OK, actually, I just realized that Ian and I went to the Bellevue Arts Fair shortly before Benji was born in 2012. But this is his first one ex-utero.
We drove to the South Kirkland Park and Ride and took a bus to downtown Bellevue. This saved us the misery of trying to drive there. Like any good mom, I had us take a selfie.
We had to walk a ways from the bus stop to the fair — not super far, but with legs as short as Benji’s, it was still plenty long. Plus, he had to circle around every tree, naming them as planets: “This Mercury.” (One loop around the tree.) “This Venus.” (One loop around the next tree.) Etc. This was predicated by the fact that the trees were growing out of round iron grilles set into the sidewalk that, honestly, did look a bit planetlike, especially all lined up in a row. OK; this is probably a case of “if you have a hammer, everything looks like a nail” — “If you like planets, every round thing resembles planets.”
Eventually we reached the Arts Fair, and after some detours to examine the aid car and police motorcycles stationed there, we started our quest for trucks. The entire time, Benji kept stating “Benji want truck.” He wasn’t yelling, screaming, crying, or being obnoxious (other than the obnoxiousness of repetition); just firm and convicted. We looked for trucks everywhere and found them in some odd places.
After a brief diversion to play musical wooden boxes (apparently officially called tongue or slit drums; that site isn’t the people we saw at the fair), we persevered until we finally found the tiny Jake Toys booth. Jake himself was sitting patiently, doing not much. I didn’t get a picture of the booth, which was vehicle toy nirvana, but Benji finally selected a very cool truck he dubbed a “mobile crane ladder dump truck.”
Oh, this picture is taken in the lounge of the women’s bathroom at Bell Square, where Benji’s patience finally paid off and he got to actually play with his new truck for a while.
After that we did some other stuff, including spending some time watching the coolest marble maze Benji had ever seen. It was one of many such pieces a person could buy as a sculpture. Put it up instead of your TV, and you’d have endless entertainment.
I also got convinced to switch our Seattle Times subscription from Sunday only to 7 days a week; I like the Sunday paper, and it wasn’t a lot more to do all 7 days. But later I realized I probably wouldn’t actually have time to read even the sad, wasted-away version of the paper that remains, so now I have to cancel that. Plus, the free umbrella they gave us for switching turned out to be a complete dud — when I opened it, a zillion tiny pieces fell out, and it was clearly broken from the get-go. Classy.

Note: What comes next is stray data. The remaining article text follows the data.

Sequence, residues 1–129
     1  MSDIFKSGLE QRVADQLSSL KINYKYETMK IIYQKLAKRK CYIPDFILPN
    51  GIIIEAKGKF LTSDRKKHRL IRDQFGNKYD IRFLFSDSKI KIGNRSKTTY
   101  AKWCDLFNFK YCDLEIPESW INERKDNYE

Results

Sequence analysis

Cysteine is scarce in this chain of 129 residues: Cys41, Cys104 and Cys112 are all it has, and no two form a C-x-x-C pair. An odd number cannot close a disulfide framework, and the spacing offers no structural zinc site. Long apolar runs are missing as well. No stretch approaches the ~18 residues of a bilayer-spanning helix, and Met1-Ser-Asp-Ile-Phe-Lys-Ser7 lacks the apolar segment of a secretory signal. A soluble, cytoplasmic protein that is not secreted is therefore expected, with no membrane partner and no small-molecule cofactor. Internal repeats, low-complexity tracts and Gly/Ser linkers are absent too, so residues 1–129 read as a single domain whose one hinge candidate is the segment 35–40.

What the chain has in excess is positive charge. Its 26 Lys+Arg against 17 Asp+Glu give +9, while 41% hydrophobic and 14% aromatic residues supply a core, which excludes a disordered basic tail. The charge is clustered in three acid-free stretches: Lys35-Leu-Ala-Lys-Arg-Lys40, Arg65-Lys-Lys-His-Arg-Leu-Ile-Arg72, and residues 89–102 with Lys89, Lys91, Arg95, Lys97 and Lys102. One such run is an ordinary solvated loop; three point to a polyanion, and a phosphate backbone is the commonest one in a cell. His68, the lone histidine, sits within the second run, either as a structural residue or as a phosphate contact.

After a brief visit to the police booth again, this time to have our banana-y snack, we realized it was raining. I started us on our way back to the bus stop, and Benji told me his ankle really, really hurt. I carried him, the dud umbrella, the wooden truck, and our bag of stuff for what felt like miles (perhaps 1/4 of a mile, if that). When we got to the stop, I realized it’d be 25 minutes until the next bus. For some reason, my mommy brain didn’t work, so instead of sinking down onto the bench and breathing a sigh of relief while waiting there, I decided to walk us to the Bellevue Transit Center to catch any number of other buses that would also work.
By the time we dragged our sorry selves there, my arms were about falling off, Benji and I were both exhausted, we were wet from the first and only rain we’ve seen in weeks, and we ended up catching the exact same bus we would’ve gotten if we’d just waited at the bus stop in the first place. Benji was just so happy to get to play with his truck, he didn’t care about anything else. I merely felt grateful to sit stationary for a while.
So, good learning experience there.
Overall, I think we did have a good time. We saw interesting art, experienced all sorts of things, and found a truck for Benji. The only things I wish I’d done differently would be to wait for the bus and not take the stupid Seattle Times subscription-and-umbrella.